The year 1958 is prolific in terms of artistic production. Other collaborations spring from the chaos unveiled by the Fagnes universe: the shared paintings. Vandercam shows that he doesn’t limit himself to the interactions with Dotremont. As explained previously, the artist gets involved and creates decisive relationships, whether in the Surrealist circle, in Cobra or Taptoe. The emergence of these paintings matches the idea of breaking down the walls between disciplines. With Taptoe, he had gotten closer to a literary avant-garde. Now, his creations become thoughts in action. As he gets in touch with poets, Vandercam finds the way to express his anger by bursting words and in the violence of movement. In this direction and intention, Jean Dypréau will prove to be a substantial ally.

The period from 1959 to 1964 will be that of a path towards a new form of expression: ceramics. Vandercam goes from one medium to another. Photography had offered Vandercam a vocabulary that can be abundantly found in his pictorial productions, like the rise of shapes, the superimposition of surfaces, the importance of light and its organic approach.

This overflow of artistic practices is favourable to new experiments. The sensation of the matter he applies onto his canvases or in the poetic imaginary of the Fagnes reaches its climax. In Italy, Vandercam doesn’t waste a minute. In touch with many artists, he reaches a new milestone, seizes the matter and discovers techniques that he will use until the end of his career. He pursues the experiment of the Fagnes and makes a series of enamelled blue, red, green and multicoloured ceramics; these pieces go beyond ornament and depiction. He isn’t transcribing a fantastic bestiary but a destructured and agitated oeuvre. These polyvalent ceramics unveil the violence they have gone through. Tortured, the shapes bear blanks, gaping holes. The artist invites the viewer to dive into the depths of clay to absolve his visions.

The La mer et les racines series is the result of Vandercam’s wanderings. During his long walks on the Albisola beach, the artist collects organic elements, branches and roots [10]. Compelled by their shapes, he brings them back into his studio to turn them into tools [11]. The paintbrush is left aside to give way to a piling up of supple branches [12]. Once they have been assembled, they allow for a wide and energetic projection of the pictorial matter. Crushed against the base, the paste creates a network of lines, stains and dots that inspire a poetic imaginary. Serge Vandercam will often renew this practice but will never turn it into a procedure. From the beginning, La mer et les racines asserts itself both in painting and in ceramics. The man validates this initial interaction and gives a common name to these works. Whether they come from the earth, whether they are roots or whether they stretch onto the canvas, they all belong to the same corpus. They complete each other and create a dialogue, an interaction.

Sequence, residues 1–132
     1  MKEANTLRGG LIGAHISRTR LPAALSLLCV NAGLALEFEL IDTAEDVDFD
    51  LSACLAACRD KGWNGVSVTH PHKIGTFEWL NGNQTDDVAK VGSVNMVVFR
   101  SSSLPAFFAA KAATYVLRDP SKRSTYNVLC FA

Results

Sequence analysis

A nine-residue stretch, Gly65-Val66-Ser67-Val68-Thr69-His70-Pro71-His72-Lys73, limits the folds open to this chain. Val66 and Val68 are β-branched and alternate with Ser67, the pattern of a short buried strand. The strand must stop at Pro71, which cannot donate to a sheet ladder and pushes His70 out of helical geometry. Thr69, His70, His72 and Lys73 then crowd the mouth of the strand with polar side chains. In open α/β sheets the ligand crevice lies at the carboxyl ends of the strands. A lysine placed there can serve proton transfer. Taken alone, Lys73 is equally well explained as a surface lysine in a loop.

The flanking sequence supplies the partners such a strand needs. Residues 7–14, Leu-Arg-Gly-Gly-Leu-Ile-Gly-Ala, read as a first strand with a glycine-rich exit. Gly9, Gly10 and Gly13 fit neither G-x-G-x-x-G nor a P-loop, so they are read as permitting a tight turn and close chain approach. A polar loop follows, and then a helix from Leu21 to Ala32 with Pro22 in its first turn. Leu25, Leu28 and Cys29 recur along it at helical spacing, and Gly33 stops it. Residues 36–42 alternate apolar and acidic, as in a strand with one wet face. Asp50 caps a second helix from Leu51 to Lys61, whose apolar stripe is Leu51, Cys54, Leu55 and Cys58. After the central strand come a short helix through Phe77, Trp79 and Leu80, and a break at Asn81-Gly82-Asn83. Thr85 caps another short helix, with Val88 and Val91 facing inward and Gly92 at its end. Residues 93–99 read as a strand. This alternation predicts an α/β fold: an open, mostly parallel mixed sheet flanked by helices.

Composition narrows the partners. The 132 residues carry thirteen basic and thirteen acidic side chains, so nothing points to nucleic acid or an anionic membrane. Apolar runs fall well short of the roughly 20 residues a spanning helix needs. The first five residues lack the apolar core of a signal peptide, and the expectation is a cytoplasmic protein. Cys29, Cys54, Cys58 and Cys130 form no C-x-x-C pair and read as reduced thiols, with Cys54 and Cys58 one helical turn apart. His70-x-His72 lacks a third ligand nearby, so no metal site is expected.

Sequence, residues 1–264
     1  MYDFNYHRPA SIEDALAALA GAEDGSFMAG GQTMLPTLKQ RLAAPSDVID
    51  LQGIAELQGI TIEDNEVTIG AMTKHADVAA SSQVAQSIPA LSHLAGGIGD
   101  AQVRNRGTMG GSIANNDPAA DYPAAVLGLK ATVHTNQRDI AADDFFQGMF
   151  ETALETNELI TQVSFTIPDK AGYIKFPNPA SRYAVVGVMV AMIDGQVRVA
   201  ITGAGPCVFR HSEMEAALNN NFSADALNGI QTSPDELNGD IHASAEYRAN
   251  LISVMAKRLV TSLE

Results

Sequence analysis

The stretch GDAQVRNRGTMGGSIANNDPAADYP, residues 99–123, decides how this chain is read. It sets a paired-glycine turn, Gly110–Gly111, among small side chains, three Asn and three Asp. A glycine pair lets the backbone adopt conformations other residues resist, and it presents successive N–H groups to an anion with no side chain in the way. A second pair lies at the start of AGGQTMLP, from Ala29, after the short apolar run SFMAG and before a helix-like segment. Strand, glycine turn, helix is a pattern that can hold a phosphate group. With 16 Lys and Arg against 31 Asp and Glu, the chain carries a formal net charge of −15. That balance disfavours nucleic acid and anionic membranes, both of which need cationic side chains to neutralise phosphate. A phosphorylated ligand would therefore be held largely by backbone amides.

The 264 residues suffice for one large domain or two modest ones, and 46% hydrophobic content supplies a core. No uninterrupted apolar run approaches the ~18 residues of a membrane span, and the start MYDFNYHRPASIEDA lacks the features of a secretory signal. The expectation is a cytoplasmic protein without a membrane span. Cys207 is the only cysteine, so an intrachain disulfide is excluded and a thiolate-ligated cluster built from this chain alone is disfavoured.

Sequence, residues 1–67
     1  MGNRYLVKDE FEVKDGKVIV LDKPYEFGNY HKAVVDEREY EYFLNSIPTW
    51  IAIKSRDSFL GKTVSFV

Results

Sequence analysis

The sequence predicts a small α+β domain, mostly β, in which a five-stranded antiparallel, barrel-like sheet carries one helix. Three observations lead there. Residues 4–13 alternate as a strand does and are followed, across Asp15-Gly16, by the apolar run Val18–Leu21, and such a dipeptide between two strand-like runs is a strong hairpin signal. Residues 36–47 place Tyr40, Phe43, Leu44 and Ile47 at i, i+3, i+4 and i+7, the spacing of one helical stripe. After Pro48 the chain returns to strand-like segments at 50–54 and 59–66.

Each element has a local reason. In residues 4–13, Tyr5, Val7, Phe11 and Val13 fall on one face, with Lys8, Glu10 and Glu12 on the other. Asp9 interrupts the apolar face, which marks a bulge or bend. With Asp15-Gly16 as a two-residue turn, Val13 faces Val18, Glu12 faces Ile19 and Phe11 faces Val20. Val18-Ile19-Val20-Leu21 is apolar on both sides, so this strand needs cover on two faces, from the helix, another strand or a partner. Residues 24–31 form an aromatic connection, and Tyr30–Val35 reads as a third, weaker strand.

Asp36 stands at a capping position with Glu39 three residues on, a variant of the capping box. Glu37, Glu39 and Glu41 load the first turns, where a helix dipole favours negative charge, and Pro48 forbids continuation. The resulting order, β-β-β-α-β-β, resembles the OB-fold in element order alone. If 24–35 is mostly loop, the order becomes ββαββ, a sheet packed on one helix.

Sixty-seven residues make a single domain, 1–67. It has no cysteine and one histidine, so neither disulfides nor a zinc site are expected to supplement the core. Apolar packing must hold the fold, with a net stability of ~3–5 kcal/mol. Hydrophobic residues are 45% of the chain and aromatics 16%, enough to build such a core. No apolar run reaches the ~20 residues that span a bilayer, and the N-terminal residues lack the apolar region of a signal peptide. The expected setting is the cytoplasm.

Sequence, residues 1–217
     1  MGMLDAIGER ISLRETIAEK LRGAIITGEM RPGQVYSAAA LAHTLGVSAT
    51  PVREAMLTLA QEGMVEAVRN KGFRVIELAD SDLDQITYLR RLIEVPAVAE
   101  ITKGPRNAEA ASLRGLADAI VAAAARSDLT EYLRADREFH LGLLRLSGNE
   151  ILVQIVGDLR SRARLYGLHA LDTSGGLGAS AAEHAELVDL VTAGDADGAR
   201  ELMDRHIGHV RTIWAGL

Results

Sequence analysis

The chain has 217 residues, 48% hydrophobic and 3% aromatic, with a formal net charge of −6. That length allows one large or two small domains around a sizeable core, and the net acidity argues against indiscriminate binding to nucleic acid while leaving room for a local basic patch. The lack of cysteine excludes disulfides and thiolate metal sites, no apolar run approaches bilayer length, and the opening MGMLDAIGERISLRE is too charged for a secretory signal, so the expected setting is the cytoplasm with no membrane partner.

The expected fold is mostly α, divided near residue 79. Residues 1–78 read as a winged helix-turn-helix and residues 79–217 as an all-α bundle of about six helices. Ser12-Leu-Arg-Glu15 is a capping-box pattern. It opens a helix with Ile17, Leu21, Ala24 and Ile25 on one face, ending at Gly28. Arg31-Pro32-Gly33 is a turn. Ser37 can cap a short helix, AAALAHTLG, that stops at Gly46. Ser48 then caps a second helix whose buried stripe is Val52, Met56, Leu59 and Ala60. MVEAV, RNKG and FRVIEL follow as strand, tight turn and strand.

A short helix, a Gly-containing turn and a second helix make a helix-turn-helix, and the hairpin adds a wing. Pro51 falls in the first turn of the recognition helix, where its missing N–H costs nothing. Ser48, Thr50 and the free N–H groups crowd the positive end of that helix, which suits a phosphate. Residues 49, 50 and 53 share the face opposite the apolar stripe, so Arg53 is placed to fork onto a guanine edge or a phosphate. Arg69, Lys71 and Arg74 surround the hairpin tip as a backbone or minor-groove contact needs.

In 1962, just as the artist reaches the climax of his informal practice, Asger Jorn offers him a commission from a Danish industrial [13]. The artist accepts and, joined by Toyo Fuku and Enrico Castelliani, head to Denmark. During a visit of the Silkeborg museum, Vandercam is faced with a vision that will overwhelm him for the rest of his life: the excavated corpse of the Tollund Man [14]. Following the vision, Vandercam develops a poetic universe that will resonate through different supports. “Curved, he waits for justice to be served to what he used to be” [15]. Vandercam will return this justice as soon as he is back in Albisola. The artist starts transposing his visions into paintings, ceramics and, later on as we will see, through the association of superimposed papers. Just like La mer et les racines, he confers different interactions to his theme. Death appears in his work and transfers an anxiety [16]. He isn’t depicting the Tollund Man – he is representing him. He is not a reproduced image, but a reanimated memory.

The artist moves from Italy to Belgium. In Brussels, he will extend the experience of the chromatic interlacing of La mer et les racines with Hugo Claus. Together, they will immerse themselves in a new series: Le Radeau de la Méduse (fig)[17]. A subtle wash drawing appears under these monochrome projections, as well as many human figures. This is Vandercam’s return to form. The Tollund Man still obsesses him and he shares this with the Flemish painter [18]. From the start, he is integrated in the universe of the Jutland peat bogs and testifies about this sacrifice with great strength. Impacted by these primitive visions, Claus writes a poem that will serve as preface to the Tollund Man exhibition catalogue. The event, which took place at the Delta gallery in Rotterdam in 1963, unveils the way in which Vandercam transcribed these primitive visions [19]. Thanks to his encounter with the Jutland corpse, this tormented soul opened him to a wide universe that has room for many other haunted beings. Without barriers, they are free to express their anxieties both in painting and in ceramics. They complete each other and interact in an infinite way.